The most notable difference between the two, besides the physical difference, is that the Smartwatch 3 is much more responsive. It gets voice recognition right first time, just about every time. The Moto 360 quite often muffs up the recognition, Googling for a search result with whatever I’ve said rather than interpreting it. I have no idea why this is, because we’re told that Android Wear processes speech recognition on the phone, rather than on the watch, but Sony gets this right just about every single time.
The difference this makes alone is amazing. I got to the point with the Moto 360 that I simply didn’t use the speech recognition anymore, because it was so unreliable that it made me angry. After three days with the Smartwatch 3, I’m back to using it quite a lot, and it gets it right almost ALL the time. I can use it to send messages while driving or jogging at the gym, and it gets it right. No mistakes (or minor typos at worst), and best, no frustrating anger when the watch gets things wrong.
In terms of screen readability, the transflective screen on the Smartwatch 3 is superior. It’s easy to read in direct sunlight and in every scenario below that, through to pitch black. Moto’s 360 covers the range well, but it doesn’t perform quite so well in direct sunlight. Your mileage might vary on this.
In waterproofing, both are similar. Motorola with IP67 and Sony with IP68. The difference? The Sony watch is waterproof, not just water resistant, meaning you can happily go for a swim with the Smartwatch 3 for as long as you like and it won’t suffer the effects, whereas the Moto 360 can only be submersed for about half an hour before it could start to experience issues.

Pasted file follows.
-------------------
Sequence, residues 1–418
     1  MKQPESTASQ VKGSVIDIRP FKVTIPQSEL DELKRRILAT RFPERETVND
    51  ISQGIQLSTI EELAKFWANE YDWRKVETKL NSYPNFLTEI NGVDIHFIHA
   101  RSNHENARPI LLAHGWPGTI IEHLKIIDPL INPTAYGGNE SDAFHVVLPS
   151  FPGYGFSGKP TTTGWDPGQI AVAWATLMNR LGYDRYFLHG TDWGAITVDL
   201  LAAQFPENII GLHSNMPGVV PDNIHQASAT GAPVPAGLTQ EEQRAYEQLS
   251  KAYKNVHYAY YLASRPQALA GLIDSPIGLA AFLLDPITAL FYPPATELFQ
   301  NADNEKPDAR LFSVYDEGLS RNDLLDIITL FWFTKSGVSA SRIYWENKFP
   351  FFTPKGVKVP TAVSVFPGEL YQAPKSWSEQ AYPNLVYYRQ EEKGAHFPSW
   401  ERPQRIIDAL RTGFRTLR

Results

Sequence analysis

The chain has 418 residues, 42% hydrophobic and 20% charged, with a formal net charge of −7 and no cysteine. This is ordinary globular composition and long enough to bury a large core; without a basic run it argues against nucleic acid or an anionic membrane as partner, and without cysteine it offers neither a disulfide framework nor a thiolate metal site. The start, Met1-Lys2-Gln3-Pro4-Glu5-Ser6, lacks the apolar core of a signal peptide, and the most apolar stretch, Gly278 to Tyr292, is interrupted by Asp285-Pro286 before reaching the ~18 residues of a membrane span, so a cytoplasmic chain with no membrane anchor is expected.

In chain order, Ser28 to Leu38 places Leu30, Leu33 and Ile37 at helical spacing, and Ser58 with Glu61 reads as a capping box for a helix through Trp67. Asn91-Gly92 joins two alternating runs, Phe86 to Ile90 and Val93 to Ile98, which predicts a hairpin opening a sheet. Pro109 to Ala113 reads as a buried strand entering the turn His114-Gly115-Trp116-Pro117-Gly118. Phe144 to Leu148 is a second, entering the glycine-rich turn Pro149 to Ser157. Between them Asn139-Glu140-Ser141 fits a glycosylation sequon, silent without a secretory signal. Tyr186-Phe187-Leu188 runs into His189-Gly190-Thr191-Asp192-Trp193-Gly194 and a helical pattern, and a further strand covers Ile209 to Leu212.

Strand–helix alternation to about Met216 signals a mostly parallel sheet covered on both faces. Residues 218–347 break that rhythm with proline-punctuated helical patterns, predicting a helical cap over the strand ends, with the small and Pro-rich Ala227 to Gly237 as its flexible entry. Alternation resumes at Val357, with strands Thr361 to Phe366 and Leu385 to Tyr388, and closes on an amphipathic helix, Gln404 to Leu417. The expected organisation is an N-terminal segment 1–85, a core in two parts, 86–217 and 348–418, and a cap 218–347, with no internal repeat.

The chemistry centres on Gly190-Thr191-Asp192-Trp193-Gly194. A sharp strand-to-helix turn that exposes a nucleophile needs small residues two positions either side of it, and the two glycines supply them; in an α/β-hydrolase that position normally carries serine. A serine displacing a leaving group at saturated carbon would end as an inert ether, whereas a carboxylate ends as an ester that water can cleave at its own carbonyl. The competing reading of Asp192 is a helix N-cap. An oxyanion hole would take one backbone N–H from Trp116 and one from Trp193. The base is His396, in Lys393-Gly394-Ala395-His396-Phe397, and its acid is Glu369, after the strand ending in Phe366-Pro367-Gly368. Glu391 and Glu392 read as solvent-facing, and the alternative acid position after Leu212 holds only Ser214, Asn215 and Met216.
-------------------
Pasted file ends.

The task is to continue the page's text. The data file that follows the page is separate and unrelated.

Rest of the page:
In look and feel, Moto 360 might just be a little ahead in that the offering of leather and metal bands appeals to a more professional look. On the other hand, the Smartwatch 3’s silicone band is very comfortable, doesn’t look worn and ratty after being worn for a while, and doesn’t leave black stains on your wrist (unlike Moto 360 which leaves black marks from the low quality leather they’ve used).
So, which one is actually best?
Honestly, it’s a really tough choice. After tossing between the two watches for days and using them both extensively, I came to the following conclusion:
The Moto 360 is the better watch. The Smartwatch 3 is the better Android Wear device.
The reason is simple. Moto 360 looks more like a watch, has more different band choices like a watch, has a big, beautiful, round watchface, and the customisable watchfaces really are top notch. They’re beautiful.
But in terms of being Android Wear, it sucks. Voice recognition is slow. Reading notifications on the round screen is difficult. Swiping gestures are inconsistent because the round screen makes those sensors less sensitive. It just feels like a watch with some smart features, rather than a true smart watch.
The Smartwatch 3 addresses ALL of these concerns, and it doesn’t look too shabby either. It nails voice recognition. It displays notifications better (more on screen, and they’re easier to interact with). Swiping is always consistent and it never fails to react properly. It’s a true smart watch (as the name might imply) and it just does Android Wear properly.
It does miss out in a few areas; the watchfaces on the Smartwatch 3 aren’t too configurable, and are a bit ‘standard’. The use of non-standard bands mean changing the band is difficult, and not cheap. Really, though, these are minor gripes.
Which one would I spend my money on? I think I’ve made that pretty clear!
If you would like to get your hands on the Sony Smartwatch 3, you can grab one from Expansys, who provided our review device.